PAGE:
B cell development occurs in a series of discrete stages which can be distinguished on the basis of morphologic and functional criteria. Genesis of B cells begins within the fetal liver as early as eight weeks gestation, and is later maintained in bone marrow. The first recognizable developmental stage is the rapidly-dividing pre-B cell which synthesizes cytoplasmic IgM but lacks surface receptors for antigen. Immature B lymphocytes emerging from pre-B cells express surface IgM, but are uniquely susceptible to inactivation as a consequence of specific antigen binding. Progeny of these cells express different classes of cell surface immunoglobulin and become committed to differentiate into plasma cells synthesizing IgM, IgD, IgG, IgA, or IgE immunoglobulins, respectively.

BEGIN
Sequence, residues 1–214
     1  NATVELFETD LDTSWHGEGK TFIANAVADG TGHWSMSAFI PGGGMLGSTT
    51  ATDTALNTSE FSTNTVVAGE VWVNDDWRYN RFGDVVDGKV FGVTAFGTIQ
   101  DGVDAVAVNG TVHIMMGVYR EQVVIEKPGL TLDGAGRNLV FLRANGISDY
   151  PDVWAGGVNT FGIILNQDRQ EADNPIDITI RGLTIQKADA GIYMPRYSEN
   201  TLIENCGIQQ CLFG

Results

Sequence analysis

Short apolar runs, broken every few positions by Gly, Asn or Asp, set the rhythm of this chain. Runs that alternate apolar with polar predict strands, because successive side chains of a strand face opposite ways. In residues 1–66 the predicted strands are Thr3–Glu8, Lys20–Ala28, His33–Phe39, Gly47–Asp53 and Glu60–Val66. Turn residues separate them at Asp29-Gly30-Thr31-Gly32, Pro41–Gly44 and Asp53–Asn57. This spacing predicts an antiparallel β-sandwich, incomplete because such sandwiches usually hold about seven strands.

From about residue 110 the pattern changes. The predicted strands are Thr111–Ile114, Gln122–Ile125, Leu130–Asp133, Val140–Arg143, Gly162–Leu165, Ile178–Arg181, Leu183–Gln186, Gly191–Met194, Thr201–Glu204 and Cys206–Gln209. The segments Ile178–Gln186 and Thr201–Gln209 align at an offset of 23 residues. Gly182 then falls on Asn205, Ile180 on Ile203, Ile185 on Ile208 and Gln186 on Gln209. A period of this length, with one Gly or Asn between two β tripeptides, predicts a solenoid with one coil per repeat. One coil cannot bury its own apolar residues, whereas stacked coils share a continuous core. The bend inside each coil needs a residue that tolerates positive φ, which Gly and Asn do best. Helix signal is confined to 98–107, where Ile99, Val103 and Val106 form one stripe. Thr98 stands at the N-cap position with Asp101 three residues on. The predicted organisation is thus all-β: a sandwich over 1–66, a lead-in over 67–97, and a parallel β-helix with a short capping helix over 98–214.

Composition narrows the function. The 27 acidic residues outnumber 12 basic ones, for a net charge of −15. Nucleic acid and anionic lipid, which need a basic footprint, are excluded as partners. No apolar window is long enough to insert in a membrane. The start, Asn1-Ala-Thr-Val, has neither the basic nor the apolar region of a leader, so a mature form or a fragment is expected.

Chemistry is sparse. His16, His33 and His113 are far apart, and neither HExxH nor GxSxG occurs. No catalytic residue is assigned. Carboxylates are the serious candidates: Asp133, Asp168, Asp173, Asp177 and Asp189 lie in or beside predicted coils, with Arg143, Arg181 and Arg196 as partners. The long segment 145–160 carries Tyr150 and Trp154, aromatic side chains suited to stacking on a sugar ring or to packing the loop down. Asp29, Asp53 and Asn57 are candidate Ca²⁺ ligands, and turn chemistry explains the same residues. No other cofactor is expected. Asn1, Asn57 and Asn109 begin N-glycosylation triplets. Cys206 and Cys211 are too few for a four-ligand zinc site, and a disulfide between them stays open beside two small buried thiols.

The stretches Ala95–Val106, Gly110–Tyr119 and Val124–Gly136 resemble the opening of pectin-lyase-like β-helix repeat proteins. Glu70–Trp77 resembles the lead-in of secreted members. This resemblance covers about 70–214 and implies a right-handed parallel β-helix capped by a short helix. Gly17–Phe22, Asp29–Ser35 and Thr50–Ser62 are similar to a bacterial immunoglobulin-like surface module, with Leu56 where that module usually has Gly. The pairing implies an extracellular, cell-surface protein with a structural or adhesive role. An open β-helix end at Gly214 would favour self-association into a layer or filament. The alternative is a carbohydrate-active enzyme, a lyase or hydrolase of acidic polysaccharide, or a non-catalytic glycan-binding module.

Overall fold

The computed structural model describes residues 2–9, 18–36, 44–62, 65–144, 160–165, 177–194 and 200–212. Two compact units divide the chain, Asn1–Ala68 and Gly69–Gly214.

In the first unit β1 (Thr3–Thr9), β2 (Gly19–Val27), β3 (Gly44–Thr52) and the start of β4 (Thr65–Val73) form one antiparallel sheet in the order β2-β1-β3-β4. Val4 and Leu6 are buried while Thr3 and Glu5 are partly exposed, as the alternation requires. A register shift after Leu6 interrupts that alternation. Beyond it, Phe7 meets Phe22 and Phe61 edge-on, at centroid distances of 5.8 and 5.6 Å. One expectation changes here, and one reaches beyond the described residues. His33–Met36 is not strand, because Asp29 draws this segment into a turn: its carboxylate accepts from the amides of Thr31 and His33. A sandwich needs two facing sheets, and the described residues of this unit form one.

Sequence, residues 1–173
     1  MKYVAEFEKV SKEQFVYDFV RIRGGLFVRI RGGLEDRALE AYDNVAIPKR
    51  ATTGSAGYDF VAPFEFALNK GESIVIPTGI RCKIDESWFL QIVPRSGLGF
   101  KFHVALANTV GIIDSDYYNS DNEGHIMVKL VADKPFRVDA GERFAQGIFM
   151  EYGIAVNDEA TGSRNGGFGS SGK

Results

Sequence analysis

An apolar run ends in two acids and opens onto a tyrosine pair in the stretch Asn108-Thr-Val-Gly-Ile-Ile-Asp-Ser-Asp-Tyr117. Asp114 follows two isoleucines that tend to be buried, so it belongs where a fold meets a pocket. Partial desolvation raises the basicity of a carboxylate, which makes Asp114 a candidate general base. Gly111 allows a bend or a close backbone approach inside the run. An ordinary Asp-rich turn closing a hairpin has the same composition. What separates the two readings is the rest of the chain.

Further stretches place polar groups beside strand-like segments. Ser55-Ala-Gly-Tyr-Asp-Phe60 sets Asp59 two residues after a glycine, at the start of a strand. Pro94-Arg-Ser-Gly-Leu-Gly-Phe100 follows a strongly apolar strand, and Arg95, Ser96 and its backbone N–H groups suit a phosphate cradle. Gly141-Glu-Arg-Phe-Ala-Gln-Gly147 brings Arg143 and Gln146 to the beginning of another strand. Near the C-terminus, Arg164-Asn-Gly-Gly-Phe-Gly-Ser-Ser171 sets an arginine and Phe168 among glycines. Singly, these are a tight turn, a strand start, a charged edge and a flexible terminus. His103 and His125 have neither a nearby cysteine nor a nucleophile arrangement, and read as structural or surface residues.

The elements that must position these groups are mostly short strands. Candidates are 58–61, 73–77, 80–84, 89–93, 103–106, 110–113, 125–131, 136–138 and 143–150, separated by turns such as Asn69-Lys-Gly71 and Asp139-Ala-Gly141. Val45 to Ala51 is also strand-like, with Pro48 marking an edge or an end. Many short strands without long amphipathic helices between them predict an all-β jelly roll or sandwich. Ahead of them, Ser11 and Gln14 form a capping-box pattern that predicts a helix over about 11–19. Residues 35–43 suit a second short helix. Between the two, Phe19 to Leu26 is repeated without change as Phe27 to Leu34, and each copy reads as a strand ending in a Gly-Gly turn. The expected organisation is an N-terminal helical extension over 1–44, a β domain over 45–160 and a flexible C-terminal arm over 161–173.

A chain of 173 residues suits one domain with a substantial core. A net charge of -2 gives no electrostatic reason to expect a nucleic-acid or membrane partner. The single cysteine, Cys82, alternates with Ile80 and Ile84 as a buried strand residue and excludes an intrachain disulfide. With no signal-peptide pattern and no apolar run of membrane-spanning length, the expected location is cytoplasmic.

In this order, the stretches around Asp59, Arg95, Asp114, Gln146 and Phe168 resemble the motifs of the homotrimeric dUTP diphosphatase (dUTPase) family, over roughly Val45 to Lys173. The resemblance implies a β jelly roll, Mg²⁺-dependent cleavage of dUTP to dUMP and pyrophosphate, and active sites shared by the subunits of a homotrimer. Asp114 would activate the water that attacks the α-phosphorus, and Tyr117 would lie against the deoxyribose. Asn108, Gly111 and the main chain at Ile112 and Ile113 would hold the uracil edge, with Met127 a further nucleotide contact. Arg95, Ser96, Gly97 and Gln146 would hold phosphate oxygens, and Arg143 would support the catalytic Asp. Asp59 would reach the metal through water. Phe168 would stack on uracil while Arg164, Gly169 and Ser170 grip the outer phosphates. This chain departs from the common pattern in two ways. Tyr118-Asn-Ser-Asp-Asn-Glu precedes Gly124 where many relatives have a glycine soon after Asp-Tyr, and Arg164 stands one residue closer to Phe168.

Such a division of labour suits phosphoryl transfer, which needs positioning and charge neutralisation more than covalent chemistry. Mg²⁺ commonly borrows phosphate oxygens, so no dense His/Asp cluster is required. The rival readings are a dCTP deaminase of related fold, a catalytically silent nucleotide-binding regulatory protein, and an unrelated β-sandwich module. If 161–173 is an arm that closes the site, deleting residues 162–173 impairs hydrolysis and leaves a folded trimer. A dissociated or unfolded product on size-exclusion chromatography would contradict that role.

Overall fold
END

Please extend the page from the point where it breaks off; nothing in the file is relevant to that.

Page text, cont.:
By the beginning of the second trimester, the human fetus has an adult proportion of B lymphocytes expressing different immunoglobulin classes and capable of recognizing an extensive variety of antigens. The qualitative and quantitative deficiencies in antibody responses of newborns, as compared to adults, appear to reflect regulatory interactions with T cells and macrophages rather than absence of B lymphocytes capable of generating a response.
Recent research with recombinant DNA technology has provided remarkable new knowledge of the structure and organization of immunoglobulin genes. This developing information, in concert with more detailed studies of the cellular expression of these genes during ontogeny, holds the promise of generating insights into the molecular mechanisms regulating gene expression during differentation.
- Copyright © 1979 by the American Academy of Pediatrics